The good news is that there are a couple of quick and easy things you can do that can reduce this risk. The first is to feed some hay while you are grooming and getting ready to ride. This will stimulate saliva production and create the fibrous mat. If you barn does not allow you to help yourself to hay, there are chopped forages  you could feed. Some of these are designed with minimizing ulcer risk in mind. Alfalfa has a better buffering capacity than grass hay so, if you have a choice, feeding a small amount of alfalfa hay or chopped alfalfa in this situation would be ideal. As little as a pound of alfalfa pellets could help.

Another option in addition to or instead of pre-ride hay—would be to feed a good stomach buffer when you get to the barn. The thinking here is if you make the acid less acidic it will not erode the stomach lining. Marine-derived calcium (from seaweed) has been found to be a particularly good buffer. Research has shown that this source of calcium buffers the stomach quite quickly. It can be found in products designed specifically for this purpose and in some other forms of commercial feed.

There are also supplements that contain coating agents that coat the lining of the stomach to help protect it from the acid. However, they may not work quickly enough for pre-ride use. I would recommend reaching out to the manufacturers of such products to find out whether their products are effective in the small amount of time between ingestion and your ride. They will help in the big picture of overall ulcer management though, as will products designed to help the stomach lining become more resilient, so you might decide to incorporate them into your horse’s diet.


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Written by:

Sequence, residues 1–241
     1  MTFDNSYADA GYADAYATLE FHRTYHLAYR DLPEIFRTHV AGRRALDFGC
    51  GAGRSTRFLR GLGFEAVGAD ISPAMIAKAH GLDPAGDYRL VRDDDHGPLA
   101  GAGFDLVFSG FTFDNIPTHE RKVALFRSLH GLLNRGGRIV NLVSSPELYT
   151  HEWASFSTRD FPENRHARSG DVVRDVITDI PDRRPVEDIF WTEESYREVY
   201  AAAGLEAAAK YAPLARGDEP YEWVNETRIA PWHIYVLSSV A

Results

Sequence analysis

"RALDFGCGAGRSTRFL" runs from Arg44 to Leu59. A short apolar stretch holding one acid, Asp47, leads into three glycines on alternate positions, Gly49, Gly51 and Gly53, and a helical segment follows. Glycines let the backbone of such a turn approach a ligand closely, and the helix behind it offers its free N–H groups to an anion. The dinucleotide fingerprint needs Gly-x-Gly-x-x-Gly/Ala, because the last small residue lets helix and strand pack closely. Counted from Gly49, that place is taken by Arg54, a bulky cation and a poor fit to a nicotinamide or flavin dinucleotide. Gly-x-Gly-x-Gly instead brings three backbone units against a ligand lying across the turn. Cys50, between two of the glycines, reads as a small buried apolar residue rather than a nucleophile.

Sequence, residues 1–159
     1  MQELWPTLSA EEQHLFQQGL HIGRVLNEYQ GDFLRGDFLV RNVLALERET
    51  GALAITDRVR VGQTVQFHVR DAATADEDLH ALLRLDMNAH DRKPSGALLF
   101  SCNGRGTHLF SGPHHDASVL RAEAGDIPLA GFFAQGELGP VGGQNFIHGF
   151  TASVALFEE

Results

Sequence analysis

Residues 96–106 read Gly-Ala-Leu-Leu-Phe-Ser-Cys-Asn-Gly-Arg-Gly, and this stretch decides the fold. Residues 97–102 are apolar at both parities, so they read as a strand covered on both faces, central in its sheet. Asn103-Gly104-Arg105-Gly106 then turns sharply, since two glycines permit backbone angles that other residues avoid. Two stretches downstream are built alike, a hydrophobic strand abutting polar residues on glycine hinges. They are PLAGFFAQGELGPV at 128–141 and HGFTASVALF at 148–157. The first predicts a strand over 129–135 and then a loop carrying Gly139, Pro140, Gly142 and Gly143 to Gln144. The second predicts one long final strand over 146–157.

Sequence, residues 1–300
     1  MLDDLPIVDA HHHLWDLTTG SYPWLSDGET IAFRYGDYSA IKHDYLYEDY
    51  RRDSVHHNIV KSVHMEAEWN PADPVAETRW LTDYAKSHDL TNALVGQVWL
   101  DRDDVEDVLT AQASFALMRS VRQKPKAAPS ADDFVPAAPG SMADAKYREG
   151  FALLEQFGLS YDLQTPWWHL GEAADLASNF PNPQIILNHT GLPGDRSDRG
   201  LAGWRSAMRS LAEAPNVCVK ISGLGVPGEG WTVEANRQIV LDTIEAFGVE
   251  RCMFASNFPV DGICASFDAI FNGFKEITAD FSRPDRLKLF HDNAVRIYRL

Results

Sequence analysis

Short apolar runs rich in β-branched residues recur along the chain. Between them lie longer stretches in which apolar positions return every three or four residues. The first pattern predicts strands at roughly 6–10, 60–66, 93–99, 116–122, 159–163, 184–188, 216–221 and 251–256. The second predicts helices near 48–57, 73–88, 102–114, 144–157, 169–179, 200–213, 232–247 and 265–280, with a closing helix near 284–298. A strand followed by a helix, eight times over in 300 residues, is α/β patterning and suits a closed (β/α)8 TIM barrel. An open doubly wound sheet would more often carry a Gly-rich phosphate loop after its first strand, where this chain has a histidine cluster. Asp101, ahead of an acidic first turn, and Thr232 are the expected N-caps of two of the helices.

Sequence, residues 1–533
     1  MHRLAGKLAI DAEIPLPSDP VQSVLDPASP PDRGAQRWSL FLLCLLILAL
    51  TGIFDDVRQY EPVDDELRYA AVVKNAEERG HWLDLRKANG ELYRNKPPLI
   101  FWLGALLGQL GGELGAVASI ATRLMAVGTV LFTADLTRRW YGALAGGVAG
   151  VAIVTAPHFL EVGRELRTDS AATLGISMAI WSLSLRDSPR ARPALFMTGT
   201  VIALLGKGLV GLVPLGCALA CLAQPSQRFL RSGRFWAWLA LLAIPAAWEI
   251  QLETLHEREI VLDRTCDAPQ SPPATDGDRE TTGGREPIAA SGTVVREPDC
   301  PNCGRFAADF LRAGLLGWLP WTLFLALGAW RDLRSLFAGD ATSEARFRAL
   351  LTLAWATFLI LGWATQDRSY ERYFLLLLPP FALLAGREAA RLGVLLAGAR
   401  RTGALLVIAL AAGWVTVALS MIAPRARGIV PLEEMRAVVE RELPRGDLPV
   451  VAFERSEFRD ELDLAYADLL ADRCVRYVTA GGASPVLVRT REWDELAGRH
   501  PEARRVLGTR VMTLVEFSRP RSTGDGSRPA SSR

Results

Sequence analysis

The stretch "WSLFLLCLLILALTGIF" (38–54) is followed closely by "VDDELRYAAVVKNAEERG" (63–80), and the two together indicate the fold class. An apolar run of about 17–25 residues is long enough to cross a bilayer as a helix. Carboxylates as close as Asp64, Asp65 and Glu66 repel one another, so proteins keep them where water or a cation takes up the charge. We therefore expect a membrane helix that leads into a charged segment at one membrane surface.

Clair Thunes, PhD, is an equine nutritionist who owns Clarity Equine Nutrition, based in Gilbert, Arizona. She works as a consultant with owners/trainers and veterinarians across the United States and globally to take the guesswork out of feeding horses and provides services to select companies. As a nutritionist she works with all equids, from WEG competitors to Miniature donkeys and everything in between. Born in England, she earned her undergraduate degree at Edinburgh University, in Scotland, and her master’s and doctorate in nutrition at the University of California, Davis. Growing up, she competed in a wide array of disciplines and was an active member of the U.K. Pony Club. Today, she serves as the district commissioner for the Salt River Pony Club.

2 Responses

  1. I am feeding oat straw pea mix in the morning and in pm grass hay, deliberately not top quality. I have observed they eat oat straw much slower, they have to chew it longer. In addition I feed them 2 lb of ration balancer soy based made by Buckeye nutrition/Mars. Feeding is adjusted to activity level.

    What is your opinion about oat hay/straw as a forage in addition to ration balancer.?

  2. I read that Thoroughbred Race Horses get ulcers more than any other horses. Could that be because of there over stressful lifestyle that humans put them through — They “get use to it”– really? Maybe they just learn to tolerate what us humans do to them? But they pay for it with there emotional and physical health?